“There is a possibility that ghosts can attack you,” says Uwitonze. Though she has never seen a ghost personally she believes that they exist.
Many of the residents believe that their prayerfulness helps them not to meet the ghosts face to face. A small church nearby has attracted Christians just because of their fear of ghosts.
As they continue doing their daily work, many strange beliefs fill their hearts but they all corner around do’s and don’ts so that the dead don’t react!
“We regard midday as the time when the ghosts wakeup and they are at their fullest rage,” says Geraldine Uwamariya.
This explains why parents escort their children as they go back to school at noon.
Normally in life, people work towards a good future, one of wealth, prosperity and probably fame. Though death is compulsory, few people plan for it in advance.
Much as weddings, birthday parties and baptism ceremonies are planned for, it’s rare for humans to plan for their last funeral.
Surprisingly, most cemetery neighbours were planning the opposite for their lives. Their plans were more focused on death and life after death and they have sound reasons for it.
“I have stayed here my whole life and I’ve seen this grave yard expand, this is evidence that I will be part of it someday,” says Gaston Mukyezangabo, 33.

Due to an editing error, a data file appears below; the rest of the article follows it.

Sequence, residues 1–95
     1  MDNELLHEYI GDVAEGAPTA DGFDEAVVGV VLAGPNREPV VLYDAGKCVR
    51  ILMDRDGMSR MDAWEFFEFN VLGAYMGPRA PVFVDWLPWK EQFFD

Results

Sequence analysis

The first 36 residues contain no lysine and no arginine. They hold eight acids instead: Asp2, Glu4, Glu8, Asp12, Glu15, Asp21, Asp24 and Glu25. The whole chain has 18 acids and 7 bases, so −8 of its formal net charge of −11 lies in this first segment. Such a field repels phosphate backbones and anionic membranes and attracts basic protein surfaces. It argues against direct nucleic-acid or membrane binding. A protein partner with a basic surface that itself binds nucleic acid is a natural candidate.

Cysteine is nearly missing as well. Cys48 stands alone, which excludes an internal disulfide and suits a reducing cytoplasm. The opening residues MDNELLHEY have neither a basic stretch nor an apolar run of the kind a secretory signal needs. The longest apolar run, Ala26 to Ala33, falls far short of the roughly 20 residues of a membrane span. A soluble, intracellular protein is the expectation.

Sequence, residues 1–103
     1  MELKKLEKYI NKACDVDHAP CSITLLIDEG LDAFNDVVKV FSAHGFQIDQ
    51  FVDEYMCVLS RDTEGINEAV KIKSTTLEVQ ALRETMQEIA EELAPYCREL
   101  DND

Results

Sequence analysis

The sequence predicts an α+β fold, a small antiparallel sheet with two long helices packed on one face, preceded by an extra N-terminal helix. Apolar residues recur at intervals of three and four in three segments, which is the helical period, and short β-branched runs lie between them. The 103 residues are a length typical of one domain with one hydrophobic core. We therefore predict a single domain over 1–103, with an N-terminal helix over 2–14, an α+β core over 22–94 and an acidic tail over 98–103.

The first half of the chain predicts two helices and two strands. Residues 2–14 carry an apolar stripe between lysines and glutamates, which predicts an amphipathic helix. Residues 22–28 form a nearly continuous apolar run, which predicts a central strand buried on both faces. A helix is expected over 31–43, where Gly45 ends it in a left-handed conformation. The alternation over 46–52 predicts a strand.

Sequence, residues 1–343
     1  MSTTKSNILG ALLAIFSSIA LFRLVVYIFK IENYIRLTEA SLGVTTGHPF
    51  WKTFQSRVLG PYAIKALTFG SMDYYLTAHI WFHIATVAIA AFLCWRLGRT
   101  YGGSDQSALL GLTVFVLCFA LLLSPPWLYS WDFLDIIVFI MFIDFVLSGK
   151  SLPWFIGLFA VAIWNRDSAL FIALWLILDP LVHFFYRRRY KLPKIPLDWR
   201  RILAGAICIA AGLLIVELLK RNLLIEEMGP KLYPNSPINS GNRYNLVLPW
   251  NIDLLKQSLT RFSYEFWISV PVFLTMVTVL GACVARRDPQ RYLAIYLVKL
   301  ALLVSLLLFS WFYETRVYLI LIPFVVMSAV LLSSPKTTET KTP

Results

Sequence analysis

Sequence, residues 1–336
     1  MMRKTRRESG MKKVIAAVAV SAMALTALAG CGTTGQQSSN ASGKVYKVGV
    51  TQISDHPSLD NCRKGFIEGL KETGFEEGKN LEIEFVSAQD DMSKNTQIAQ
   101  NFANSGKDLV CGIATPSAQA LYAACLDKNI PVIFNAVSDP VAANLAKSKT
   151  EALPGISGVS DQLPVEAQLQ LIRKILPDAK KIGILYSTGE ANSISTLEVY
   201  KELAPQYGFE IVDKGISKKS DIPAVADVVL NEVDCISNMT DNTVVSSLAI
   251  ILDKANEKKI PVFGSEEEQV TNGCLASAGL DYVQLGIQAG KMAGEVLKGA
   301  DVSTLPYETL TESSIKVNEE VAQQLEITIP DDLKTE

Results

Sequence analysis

The grave yard’s expansion has brought it closer to people’s residences.
According to Uwitonze, the rate at which burials take place assures her of death. She always advises her little daughter on what to do in case she died.
“On average, 30 people are buried a month,” says the Cemetery caretaker. He adds that most neighbours to the cemetery don’t attend burrials.
“They try to run away from the sadness it brings though there is nothing they can do about it.”
According to the Cemetery caretaker the residences’ inheritance dictated on where they stay but if they got a better option, shifting would be welcome.
Most of the residents think it’s a poor environment to raise their kids. According to some, such kids grow up to lead sad lives and have sad childhood memories.
“Imagine remembering coffins and who was buried where while others don’t see even a single corpse in their lifetime,” says Uwitonze.
For those who have never been near a cemetery, it’s a nightmare to reside there. Even when land is offered at the lowest price, very few buyers turn up.
They probably imagine the scenes in the late King of Pop’s hit Thriller where Michael Jackson dances with the dead!
“I was offered a self-contained house at only Rwf1.5m in Remera but I never took it,” says Frank Rwema.
The house wasn’t very close to the cemetery but it was opposite.
Like others, all that filled Rwema’s mind were ghosts and the possibility of being sad every time a burial took place.
Houses neighbouring the cemetery are rented out at half the normal house rent in Kigali!
A house that goes for Rwf70,000 costs 35,000.
Real estates have deliberately not bought plots or constructed rental houses in any place near the cemetery.
“We haven’t considered having houses around, we don’t consider it a strategic area,” says Nathan Loyd of DN International Estates.
As people have mixed feelings about what happens after death and what the dead are capable of, others are staying inches from the dead and there is less they can do about it.